I’m not sure what I expected to find in Montevideo, with barely enough time to inhale the Rio de la Plata at La Rambla’s edge before being whisked away again. Truthfully, in the chaos and nostalgia of my trip I hadn’t given it much thought, instead focusing on remembering my Spanish and eating as many tacos as possible. As a result, coming back to Montevideo seven years after my departure was a bit of a shock.
I came to the city in early 2003 to work at a nonprofit in sustainable development law. Struggling to protect the Esteros del Ibera, Argentina’s largest wetlands, the nonprofit had me working out of a small office in La Barra de Maldonado, some 2 km from the nearest grocery store. Adjacent to the glamour of Punta del Este but a world away in spirit, I arrived to find that my office had no doors and that I shared my room with poisonous spiders. The living room, with a yawning attic far above and bookshelves to peruse on every wall, was home to a staggering amount of wasps, who also carpeted the couch and chairs. Spiders lined the stairway to the top floor (meaning I rarely went up there) and the only other person in the house was a caretaker in her seventies named Luz, who spoke no English.
A year alone in France under my belt, I thought I would be prepared for this solo trip. But I was wrong, and moreover I was completely unnerved by the homesickness and the loneliness that kicked me deep in my gut. As an arachnophobe, I was also deprived of sleep for the first few long weeks of fear. Exhausted, I finally settled into a tenuous truce: if I knew where the spiders were before bed, I could manage to sleep a few hours at a time. (Looking back, I fail to see how I managed to do this; I’m shuddering just writing this out for my site.) I never knew lonely, and suddenly I was in the middle of nowhere with no knowledge of Spanish and a room full of animals who wanted to kill me.
And then, over a month in, I met a guy at the grocery store who knew a guy who had a cousin who had a friend with a room in Pocitos, and in the blink of an eye I was living in Montevideo. In one of those truly fantastic moments of fortuity, my laptop and I were transplanted from La Barra de Maldonado to the middle of a new, energetic and welcoming group of friends in Pocitos.
Sunset over Montevideo – photo from my album in 2003.
Those first months in Montevideo taught me about soccer, about the intricate politics between friends in Latin America, about cumbia and late night parilladas and dancing until the sun comes up. I learned how to swear so gloriously that I still make my Spanish-speaking friends blanch, the fruits of a night filled with wine and laughter and cross-cultural note-taking. And I learned a slogan I never forgot: “you can change your job, your house, your wife, your sexual orientation…but you can never change your fútbol team.” The city was in the middle of a financial crisis but it was lively and optimistic.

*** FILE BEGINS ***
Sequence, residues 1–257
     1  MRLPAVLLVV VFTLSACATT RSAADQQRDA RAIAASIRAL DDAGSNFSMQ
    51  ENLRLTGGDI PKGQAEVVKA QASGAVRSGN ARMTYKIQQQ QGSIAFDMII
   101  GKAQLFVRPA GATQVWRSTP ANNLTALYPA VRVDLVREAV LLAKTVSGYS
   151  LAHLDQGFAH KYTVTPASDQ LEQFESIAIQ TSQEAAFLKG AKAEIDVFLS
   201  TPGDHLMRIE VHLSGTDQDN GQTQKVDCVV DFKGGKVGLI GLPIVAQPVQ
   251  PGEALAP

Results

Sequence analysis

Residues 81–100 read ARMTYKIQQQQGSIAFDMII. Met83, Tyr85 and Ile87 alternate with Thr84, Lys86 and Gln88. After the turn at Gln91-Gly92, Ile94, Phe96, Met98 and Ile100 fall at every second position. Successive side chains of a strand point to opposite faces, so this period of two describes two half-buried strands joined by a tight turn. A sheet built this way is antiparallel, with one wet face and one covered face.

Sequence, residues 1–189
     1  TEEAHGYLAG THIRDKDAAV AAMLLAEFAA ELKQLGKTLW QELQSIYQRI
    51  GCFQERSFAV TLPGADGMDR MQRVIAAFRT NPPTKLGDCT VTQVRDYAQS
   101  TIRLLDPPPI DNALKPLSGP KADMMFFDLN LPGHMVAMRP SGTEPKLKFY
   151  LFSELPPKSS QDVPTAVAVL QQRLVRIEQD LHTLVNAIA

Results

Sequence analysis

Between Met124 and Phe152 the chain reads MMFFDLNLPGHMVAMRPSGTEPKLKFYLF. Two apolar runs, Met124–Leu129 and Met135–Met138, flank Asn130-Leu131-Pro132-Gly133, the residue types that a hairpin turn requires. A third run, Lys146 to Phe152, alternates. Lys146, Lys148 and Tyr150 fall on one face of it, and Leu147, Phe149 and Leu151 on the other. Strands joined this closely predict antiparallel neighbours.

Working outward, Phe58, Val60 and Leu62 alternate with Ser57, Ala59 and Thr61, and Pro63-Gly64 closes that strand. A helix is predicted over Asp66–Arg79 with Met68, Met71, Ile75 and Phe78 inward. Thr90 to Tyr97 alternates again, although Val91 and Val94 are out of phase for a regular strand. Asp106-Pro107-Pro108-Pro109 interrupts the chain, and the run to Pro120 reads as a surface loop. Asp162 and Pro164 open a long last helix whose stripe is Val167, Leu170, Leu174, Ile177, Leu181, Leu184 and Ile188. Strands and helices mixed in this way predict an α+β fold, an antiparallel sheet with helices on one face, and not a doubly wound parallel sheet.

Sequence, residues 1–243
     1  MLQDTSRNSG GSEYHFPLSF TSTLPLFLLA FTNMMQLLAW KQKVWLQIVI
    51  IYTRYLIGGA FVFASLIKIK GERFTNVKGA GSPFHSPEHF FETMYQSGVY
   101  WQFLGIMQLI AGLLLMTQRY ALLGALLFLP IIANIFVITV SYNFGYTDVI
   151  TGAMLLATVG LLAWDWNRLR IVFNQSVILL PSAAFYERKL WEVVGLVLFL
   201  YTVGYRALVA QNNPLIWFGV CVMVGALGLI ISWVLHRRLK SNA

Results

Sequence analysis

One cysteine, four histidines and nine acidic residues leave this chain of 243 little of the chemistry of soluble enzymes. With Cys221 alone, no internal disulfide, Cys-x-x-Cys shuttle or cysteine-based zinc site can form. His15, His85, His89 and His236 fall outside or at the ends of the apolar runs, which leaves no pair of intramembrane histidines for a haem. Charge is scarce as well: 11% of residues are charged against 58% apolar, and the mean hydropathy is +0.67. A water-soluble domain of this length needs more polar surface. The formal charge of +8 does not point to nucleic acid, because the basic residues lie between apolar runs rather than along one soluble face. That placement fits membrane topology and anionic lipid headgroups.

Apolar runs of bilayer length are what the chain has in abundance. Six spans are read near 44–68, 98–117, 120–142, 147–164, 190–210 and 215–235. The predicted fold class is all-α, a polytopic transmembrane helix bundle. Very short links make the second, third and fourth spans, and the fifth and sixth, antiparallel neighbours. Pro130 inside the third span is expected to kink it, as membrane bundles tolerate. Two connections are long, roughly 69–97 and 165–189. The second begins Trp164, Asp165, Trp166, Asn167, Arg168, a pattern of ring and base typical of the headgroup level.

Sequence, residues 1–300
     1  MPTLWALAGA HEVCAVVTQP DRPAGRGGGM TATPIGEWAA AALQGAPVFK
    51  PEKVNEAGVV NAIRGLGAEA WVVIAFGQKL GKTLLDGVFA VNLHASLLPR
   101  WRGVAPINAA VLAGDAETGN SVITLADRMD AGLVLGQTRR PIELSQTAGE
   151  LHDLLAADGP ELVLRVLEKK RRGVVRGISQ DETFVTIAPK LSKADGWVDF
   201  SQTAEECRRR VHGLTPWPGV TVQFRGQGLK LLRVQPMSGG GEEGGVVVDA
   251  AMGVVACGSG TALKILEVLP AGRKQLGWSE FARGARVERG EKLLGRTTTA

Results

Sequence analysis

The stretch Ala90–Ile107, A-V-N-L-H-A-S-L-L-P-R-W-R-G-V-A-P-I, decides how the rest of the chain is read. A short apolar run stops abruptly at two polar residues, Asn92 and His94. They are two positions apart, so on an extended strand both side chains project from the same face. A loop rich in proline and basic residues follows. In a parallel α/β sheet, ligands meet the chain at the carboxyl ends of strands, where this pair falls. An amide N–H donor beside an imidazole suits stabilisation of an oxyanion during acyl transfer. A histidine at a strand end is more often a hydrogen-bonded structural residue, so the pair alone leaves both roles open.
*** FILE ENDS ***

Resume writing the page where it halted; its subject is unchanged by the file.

Montevideo 7 Years Later
In contrast, the Montevideo I saw in 2010 appeared to be well on its way toward inexorable decay. Graffiti littered almost every building in the city centre, the facades crumbling, windows reflecting the empty streets. Compared to the city I had lived in and marveled at, it was jarring. In the outskirts – in Pocitos where I used to sit and watch the water lap against the shore, the stoop where we’d all watch the world go by – the streets were still busy. But the downtown core was eerily quiet, and it was unnerving.
Montevideo, quiet in the afternoon.
Some of the friends I knew are elsewhere, working in New York or DC. Others still in Montevideo lamented the way the city was crumbling, an undeniable reminder that while jobs were not scarce, the city still had its problems. With the US dollar weaker than before and inflation high, the cost of food (especially fresh fruit) was amazingly high. A sandwich and coffee cost me more than in New York.
Walking through the empty streets, I stumbled upon this sign and it symbolized (to me, at least) the feeling in Montevideo these days:
This is not to say the city felt in any way unsafe. It didn’t. But in contrast to the prevailing optimism of my prior visit, it was the tension and the decay that stood out. I didn’t go searching for pictures of corrosion or graffiti, but naturally these were the elements of present day Montevideo that caught my eye.
Here are some photos from my weekend in the city:
Shadows just off of Plaza Independencia.
A burned down garbage pail near Plaza Independencia.
The Artigas Mausoleum is a monument to Uruguayan hero José Artigas.
Traffic sign in Montevideo, Uruguay.
Graffiti in Montevideo.
Lamp post fraying in the afternoon sun.
Trash bin on 18 de Julio avenue.
Graffiti just of Plaza Independencia.
Plaza Independencia in the sun.
Peanut vendors on 18 de Julio avenue.
Still the same (and busier still): this tribute to eternal love, a rusted iron fence and fountain crammed with locks of young couples wanting to commemorate their affection:
And the inscription: “The legend of this young fountain tells us that if a lock with the initials of two people in love is placed in it, they will return together to the fountain and their love will be forever locked”.
Note: for a great love story re the above purple lock, see here.
Overall, a surprise to see the city less preserved than before, but a real treat to spend time with my friends and the kids I babysat (now graduating high school!) from 2003. The hours we spent talking on a quiet Sunday afternoon, catching up on all the memories of Montevideo we shared and the many years in between, was the perfect way to end my brief time in Uruguay.
Next up: Buenos Aires and some reviews of the hotels from this whirlwind of a trip.